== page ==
In the Iceberg paper which focuses exclusively on ‘Giant Icebergs’, defined as greater than 18km in length, the authors note they make up half the ice floating in the Southern Ocean, with dozens present during the low ice season. The researchers calculated that the dust fertilisation effect of the icebergs in the normally iron-poor waters contributes up to 20% of all the carbon buried in the Southern Ocean, which itself contributes about 10% of the global total.
However, the authors delve into dangerous political science territory when they write that in their opinion “there is no salvation here” saying “although it seems to be real, the giant iceberg feedback is relatively small in the grand scheme of things. The Southern Ocean overall sequesters about 0.75 gigatons of CO2 every year out of about 10 gigatons of mankind’s emitted carbon annually.”
To understand how this great piece of science has derailed itself into Political Science nonsense take note that these authors use an extraordinary metric in their ‘politically motivated’ description of CO2 management. Their strange and unusual climate politics metric assumes an absurd definition for ‘sequestered carbon’. By their minimalist definition only particulate carbon that sinks to the seabed is allowed and counted as sequestered. This number is widely reported in ocean science as being in the neighbourhood of 2% of the amount of CO2 that is fixed as standing biomass by healthy ocean pastures.
Real World Carbon Capture and Storage Metrics
The very conventional and globally accepted metric for carbon capture and storage (sequestration) in living ecosystems is far greater than what this paper uses. Think of an ocean pasture as being like a forest on land. Everyone in the world accepts and uses ‘standing sustained biomass’ as the metric for calculating and crediting the amount of CO2 that is taken from the air and repurposed into trees! Here’s a link to a paper on forest carbon. Trees are living carbon and indeed live in a very thin skin of life on earth, from their topmost twig to deepest root being on average less than 50 meters thick.
Ocean pastures on the other hand have a comparable thickness of more like 100 meters and in fact typically contain far more areal biomass than a forest. Ocean pastures, like forests and grasslands recycle assiduously their biomass to sustain the maximum standing biomass possible from season to season. Don’t forget the oceans and their pastures cover 72% of this blue planet where terrestrial vegetation covers less than 18%, forests are less than 9%!
So when calculating the amount of CO2 (3.67xC) that is taken from the atmosphere and fixed into a living ocean pasture standing biomass, especially those helped by iceberg mineral dust fertilization, the true number is not the 0.75 billion tonnes per year the authors of this paper suggest for god knows what political science reason but much closer to 10 times that number, or 7.5 billion tonnes annually. Add to this the multiplier factor that the “giant iceberg” contribution to ocean pasture fertility and carbon capture and storage is ten times more again and the real number for Southern Ocean CO2 fixation must be higher than 75 billion tonnes each year.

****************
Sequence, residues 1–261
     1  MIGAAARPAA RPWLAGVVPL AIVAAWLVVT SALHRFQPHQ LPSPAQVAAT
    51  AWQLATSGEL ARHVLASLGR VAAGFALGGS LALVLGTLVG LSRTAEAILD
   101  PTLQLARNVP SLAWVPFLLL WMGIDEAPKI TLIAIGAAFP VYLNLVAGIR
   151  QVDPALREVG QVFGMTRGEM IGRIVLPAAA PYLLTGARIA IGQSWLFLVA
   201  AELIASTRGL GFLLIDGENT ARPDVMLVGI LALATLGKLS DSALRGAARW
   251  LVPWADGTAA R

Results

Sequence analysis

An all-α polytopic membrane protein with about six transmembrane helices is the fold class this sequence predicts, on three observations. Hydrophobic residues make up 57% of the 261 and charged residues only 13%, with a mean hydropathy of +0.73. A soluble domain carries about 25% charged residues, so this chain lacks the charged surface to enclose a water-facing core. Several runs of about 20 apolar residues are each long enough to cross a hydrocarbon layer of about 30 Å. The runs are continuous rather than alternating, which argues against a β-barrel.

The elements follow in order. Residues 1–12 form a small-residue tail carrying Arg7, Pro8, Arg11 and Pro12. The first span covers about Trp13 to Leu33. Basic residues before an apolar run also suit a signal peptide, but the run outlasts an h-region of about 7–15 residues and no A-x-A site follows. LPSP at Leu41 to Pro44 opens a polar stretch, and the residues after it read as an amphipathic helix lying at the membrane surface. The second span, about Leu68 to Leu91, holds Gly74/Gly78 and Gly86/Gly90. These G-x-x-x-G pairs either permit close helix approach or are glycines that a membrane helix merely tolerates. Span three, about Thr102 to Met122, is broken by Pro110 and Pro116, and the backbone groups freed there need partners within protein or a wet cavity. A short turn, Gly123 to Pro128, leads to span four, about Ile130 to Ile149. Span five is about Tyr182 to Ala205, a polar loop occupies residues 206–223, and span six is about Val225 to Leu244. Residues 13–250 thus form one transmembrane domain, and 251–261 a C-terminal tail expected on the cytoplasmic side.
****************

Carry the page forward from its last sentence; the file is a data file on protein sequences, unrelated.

Consider this in the context of the problematic portion of human emissions of CO2 at some 10 billion tonnes too much being emitted each year that is accumulating as a surplus and producing ‘global warming’ and climate change according to climate change models. One immediately sees that ocean pastures in the Southern Ocean that are fertilized by “giant icebergs alone” are responsible for a substantial part of the natural management of global CO2! As the researchers in this report note correctly the amount of ocean pasture plankton CO2 management in the Southern Ocean is a small fraction of warmer waters to the north! After all the entire Southern Ocean covers less than ~10% of the world’s total ocean area.
Call To Action – Imitating Mother Nature – Become The Iceberg
With the crisis in the world’s ocean wrought by our high and rising CO2 and that CO2 effect also on global warming and climate change it is clear that the oceans being harmed first and foremost by our CO2 are where we should also be acting first and foremost to mitigate our deadly impact. The amount of dust circulating in the world’s air is today greatly diminished by the global greening effect of CO2 in supporting more growth of plants on land, read more “ground cover.” More grass growing means less dust blowing! Here’s a link to a report on a recent scientific paper confirming the cataclysmic decline in global dust.
The most immediate and practical means to help the oceans is to replenish the dust we are denying them and our dust, just like the iceberg dust will nourish and sustain ocean pasture plankton. That phyto-plankton will repurpose our menacing CO2 into new ocean life. This is no sailors dream it is a proven safe, sustainable, low cost, and immediately deployable methodology as seen in my 2012 demonstration in the North Pacific. There my small 50,000 sq. km. dust fed ocean pasture, by iceberg comparison, restored and revived a dying ocean pasture.
Extensive scientific data collected at and under the sea and via satellite over months of monitoring the ocean pasture before, during, and after, its bloom cycle confirmed It Just Worked! But the best evidence by far was when the very next year in Alaska where fishers were expected to have a good year and catch 50 million Pink Salmon instead they caught 226 million Pinks, that swam into their nets from their lovingly restored ocean pasture, the largest catch in all of history!
In the Southern Ocean if a single of my ocean dusting ships is deployed each summer to act in tandem with the giant icebergs billions of tonnes of our CO2 would be repurposed into new ocean life. The cost would be a few million dollars per year but the effect would be, as the icebergs have shown us, marvellous and effective. Compared to the cost in new climate taxes approved by 195 nations at the recent Paris Climate Summit collecting many TRILLIONS of dollars each year of climate/carbon taxes to accomplish less at some time in the distant future I think this is a far better idea! Join me.
We simply have to choose do we want our CO2 to menace the ocean with ocean acidification and ocean death or do we choose ocean life. Worried if verdant ocean pastures and their plankton blooms will harm instead of help ocean life… ask a penguin!